And heads for the sun,
Me, I’m looking for some bona fide treasure
And its dumb, dumb, dumb, dumb – The Charlatans

And that would be dumb, dumb, dumb, dumb.

Increasingly

Don’t use this word.

Adverbs can be suspect in the best of circumstances. Use them sparingly Be sparing in their usage. ‘Increasingly‘ gives the writer up as lazy. But for some reason, ‘increasingly’ crept into the lexicon a decade or two ago, used by newspaper reporters as an easy way to reference a trend, even if the trend had developed over the course of hours instead of months or years.

Most of the aides who had been wandering around the convention center had found refuge backstage, away from the crowds staring at big screens hoping for a victory. “The path kept narrowing and narrowing and narrowing until there wasn’t one,” Parkhomenko recalled. “The mood behind the stage became increasingly grim.” – The Hill

The following trend ‘increased’ over years, until it was ‘resounding’.

Increasingly, leading cities are hiring “data people.” Whether with the title chief data officer, chief innovation officer, performance stat program director, or data scientist, these individuals are looking at government in a new way and using data to increase efficiency. Are these hires worth the investment? Resoundingly, the answer is yes. – GovTech

But why is gradualism so revered by the writer? It is not how the world works. And it might stand in the way of clarity: does she mean that each city is hiring more ‘data people’? Or that more cities are doing the hiring?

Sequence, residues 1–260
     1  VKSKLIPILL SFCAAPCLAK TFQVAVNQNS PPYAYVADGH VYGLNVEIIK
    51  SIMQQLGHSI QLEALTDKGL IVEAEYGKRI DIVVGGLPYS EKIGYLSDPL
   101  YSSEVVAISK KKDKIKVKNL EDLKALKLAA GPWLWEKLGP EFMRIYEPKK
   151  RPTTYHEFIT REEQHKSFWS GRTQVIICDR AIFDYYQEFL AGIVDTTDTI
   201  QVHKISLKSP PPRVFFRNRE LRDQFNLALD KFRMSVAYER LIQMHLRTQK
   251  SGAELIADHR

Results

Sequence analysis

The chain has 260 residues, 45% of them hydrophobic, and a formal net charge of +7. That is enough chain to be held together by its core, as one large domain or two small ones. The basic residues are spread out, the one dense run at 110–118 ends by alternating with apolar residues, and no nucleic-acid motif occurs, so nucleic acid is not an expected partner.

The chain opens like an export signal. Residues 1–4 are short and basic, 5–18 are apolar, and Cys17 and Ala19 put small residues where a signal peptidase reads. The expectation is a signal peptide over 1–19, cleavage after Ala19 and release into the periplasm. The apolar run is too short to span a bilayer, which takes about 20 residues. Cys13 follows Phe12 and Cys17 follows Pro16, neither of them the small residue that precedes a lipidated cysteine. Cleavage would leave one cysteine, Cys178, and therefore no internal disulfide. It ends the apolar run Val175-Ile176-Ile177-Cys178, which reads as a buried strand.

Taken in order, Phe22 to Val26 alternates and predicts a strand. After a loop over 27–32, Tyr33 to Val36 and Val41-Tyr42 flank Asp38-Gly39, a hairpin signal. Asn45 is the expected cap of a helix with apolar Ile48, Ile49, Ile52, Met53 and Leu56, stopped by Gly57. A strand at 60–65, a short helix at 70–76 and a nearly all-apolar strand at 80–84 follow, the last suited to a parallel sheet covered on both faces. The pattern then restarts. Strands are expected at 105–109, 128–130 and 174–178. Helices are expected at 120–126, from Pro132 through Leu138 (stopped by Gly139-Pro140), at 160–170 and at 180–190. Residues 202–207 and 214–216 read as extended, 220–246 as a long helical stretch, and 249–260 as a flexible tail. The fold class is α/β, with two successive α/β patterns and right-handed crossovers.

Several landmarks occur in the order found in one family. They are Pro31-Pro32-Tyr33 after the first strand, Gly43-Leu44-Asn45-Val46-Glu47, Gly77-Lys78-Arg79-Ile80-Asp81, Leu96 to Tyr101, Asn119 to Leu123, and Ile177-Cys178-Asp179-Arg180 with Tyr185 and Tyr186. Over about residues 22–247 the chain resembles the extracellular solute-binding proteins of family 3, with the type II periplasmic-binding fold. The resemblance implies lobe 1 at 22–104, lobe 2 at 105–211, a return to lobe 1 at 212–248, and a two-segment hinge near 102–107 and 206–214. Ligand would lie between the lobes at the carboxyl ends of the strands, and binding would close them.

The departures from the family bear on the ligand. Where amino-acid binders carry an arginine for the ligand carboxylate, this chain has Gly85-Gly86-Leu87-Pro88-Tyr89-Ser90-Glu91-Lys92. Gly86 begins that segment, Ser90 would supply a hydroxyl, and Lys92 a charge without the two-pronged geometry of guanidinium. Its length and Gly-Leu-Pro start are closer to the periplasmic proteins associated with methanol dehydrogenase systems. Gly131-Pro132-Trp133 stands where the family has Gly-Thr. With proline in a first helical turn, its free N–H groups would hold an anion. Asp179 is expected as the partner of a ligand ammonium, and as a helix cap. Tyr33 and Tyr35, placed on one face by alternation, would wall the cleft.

• Increasingly, leading cities are hiring “data people.”
  • Leading cities are hiring more “data people” than ever before.
  • Leading cities are hiring “data people” in record numbers.
  • More leading cities are hiring “data people”.

Perhaps ‘data people’ should be in the lead.

  • Increasingly, leading cities are hiring “data people.”
  • “Data people” are in demand in leading cities.

You have so many options. Don’t use ‘increasingly’, ever. And for sure don’t use it in a song.

Long blends of days
Stream into nights
Consciousness barely coping
The land going by seems level
But really the tracks are
Increasingly sloping.
– ‘Slice of Time’ by David Crosby

Just don’t.

Diffuse

Depending on the context, ‘diffuse‘ acts as an adjective or a verb.

More observation also failed to detect any trace of a tail or coma, the diffuse envelope of gas and dust that we expect around every comet. – The Guardian

Dif-fuse’. (adj) Spread out, dispersed.

The adjectival version of ‘diffuse’ has the stress on the second syllable, and it is pronounced with a distinct strong ‘s’ sound at the end: dǝ-fyoos!’.

It’s a film with seriousness and compassion, though a little lengthy and diffuse. Dramatic storm clouds gather and pass overhead without ever quite bursting into rain. – The Guardian

As a verb, ‘diffuse’ still has the stress on the second syllable, but it terminates with a soft ‘z’ sound: dǝ-fyoozz’.

Dif-fuse’. (v) Distribute broadly, disperse, percolate.

If one chemical moves faster than the other, then as they diffuse through the cells, they’ll create a pattern of different chemical concentrations. – Forbes (really)